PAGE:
Effective January 1, 2020, the SECURE Act is in effect. While there are several areas that this new legislation impacts, these four changes may impact you and your friends now:
- Inherited IRA distributions must now be taken within 10 years (in most cases). This effectively eliminates the “Stretch IRA” provision that permitted beneficiaries to use the inherited IRA over their lifetime.
- 529 College Savings Plan Funds can be used to pay down student loan debt up to $10,000. Under the new law, a 529 plan may also be used to pay for certain apprenticeship programs.
- Required Minimum Distribution age now begins at age 72 for individuals turning age 70 ½ after January 1, 2020. If you turned age 70 ½ prior to January 1, 2020, continue your previous RMD schedule.
- Qualified Birth or Adoption Distributions are available up to $5,000 penalty free to withdraw from a retirement account. The 10% penalty will not be applicable for these special distributions.
I want to focus on the first two items in this month’s newsletter.
Non-Spousal Inherited Retirement Accounts*
*Retirement Account (RA) refers to any Qualified Retirement Account including IRA, Roth IRA, 401k, 403(b), 457(b), IRA Annuities
NOTE: If you inherited a Retirement Account prior to January 1, 2020, no changes are required to your current RMD schedule.
New inherited Retirement Account distribution rules are significant and will impact the planning strategies for many of you. Previously, non-spouse beneficiaries of a Retirement Account had the option to distribute the funds by:
- Taking a lump sum
- “Stretching” the RA throughout their lifetime. Thus, minimizing a larger taxable event. For example, if a 47-year-old person inherits an IRA, that persons IRS life expectancy factor is 36 years. In year 1, they will take out 1/36th of the IRA balance, in year 2, the distribution is 1/35th, and so on.
- If the deceased owner had not begun taking RMDs, then the beneficiary could use the 5-year rule to delay any distributions. However, all funds must be distributed within 5 years.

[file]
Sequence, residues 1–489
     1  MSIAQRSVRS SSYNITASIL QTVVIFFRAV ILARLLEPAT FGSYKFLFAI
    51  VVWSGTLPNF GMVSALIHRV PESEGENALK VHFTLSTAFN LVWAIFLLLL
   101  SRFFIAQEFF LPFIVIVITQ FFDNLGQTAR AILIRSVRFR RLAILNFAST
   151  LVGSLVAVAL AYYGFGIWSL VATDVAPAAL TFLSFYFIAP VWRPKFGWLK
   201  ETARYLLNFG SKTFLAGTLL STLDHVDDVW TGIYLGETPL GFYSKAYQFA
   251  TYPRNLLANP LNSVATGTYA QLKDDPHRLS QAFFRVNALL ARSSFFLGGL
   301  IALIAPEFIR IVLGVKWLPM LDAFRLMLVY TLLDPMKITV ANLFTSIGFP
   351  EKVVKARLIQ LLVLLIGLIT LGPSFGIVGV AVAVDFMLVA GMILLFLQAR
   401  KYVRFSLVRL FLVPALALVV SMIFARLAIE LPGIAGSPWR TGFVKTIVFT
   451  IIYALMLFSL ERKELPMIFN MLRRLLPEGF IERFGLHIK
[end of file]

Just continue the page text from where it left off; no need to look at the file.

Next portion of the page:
The SECURE Act eliminates the “stretch” option in most situations. It also changes the 5-year rule to a 10-year rule and applies to beneficiaries, regardless of whether the original account owner had begun taking RMDs or not. Beneficiaries can essentially take the money out at any time over the 10-year period following the death of the original RA holder. Choosing what action to take during the 10 years provides flexibility, but it may result in larger taxable income for some beneficiaries.
Example: George dies in 2020 (at age 70) and leaves his $500,000 IRA to his 47-year-old daughter Carrie. Under prior law, the withdrawal amount could have been spread over Carrie’s 36-year life expectancy (about $5,735 in the first year, with subsequent distributions over the next 35 years.) Now, the balance in the inherited IRA must be taken out within 10 years of George’s death, perhaps resulting in a large taxable event over some (or multiple) period(s) during that 10 years at Carrie’s ordinary income tax rate. Potentially even moving her into a higher tax bracket.
529 College Savings Plan Funds
If you qualify for a low rate student loan, would you be better off to use the loan funds for college expenses and then repay the loan with the 529 money?
Conceptually, this is the idea of using leverage or Other People’s Money (“OPM”). While using the loan to fund college expenses, the 529 should be invested for future growth. Given a reasonable time frame to make positive returns, this could potentially result in positive leverage. Qualifying distributions from the 529 are tax free and thus, the idea of preserving the 529 funds for student loan payoff is worth exploring. Other factors such as your state’s adoption of the Federal law and the tax deductibility of student loan interest should be reviewed. Of course, the flip side is also true - if the invested funds lose money, then the leverage worked against you and you could end up needing to pay off the loan with other funds.
Regardless of whether this concept is practical for a family or student, it presents an excellent learning opportunity. The personal impact of credit use is often misunderstood, and, unfortunately, young people are exposed to loans and credit card advertisements on a regular basis. Consider a process for this review, work though the analysis, and perhaps the lessons learned can help a student better prepared to understand the impacts of leverage, risk, and regulatory impacts on financial decisions.
Interested in more changes, certain situational rules and the rule exceptions brought about by the SECURE ACT? This one-page summary highlights some of the key changes as well as some additional detail regarding the specific provisions.
The legislation adopted under the SECURE Act has many benefits and some potential negative side effects. It is IMPORTANT to review how they impact you and your beneficiarys’ unique situations. Reviewing beneficiaries, generational planning, gifting strategies, and even explore how Roth conversions may now make more sense. Let’s chat.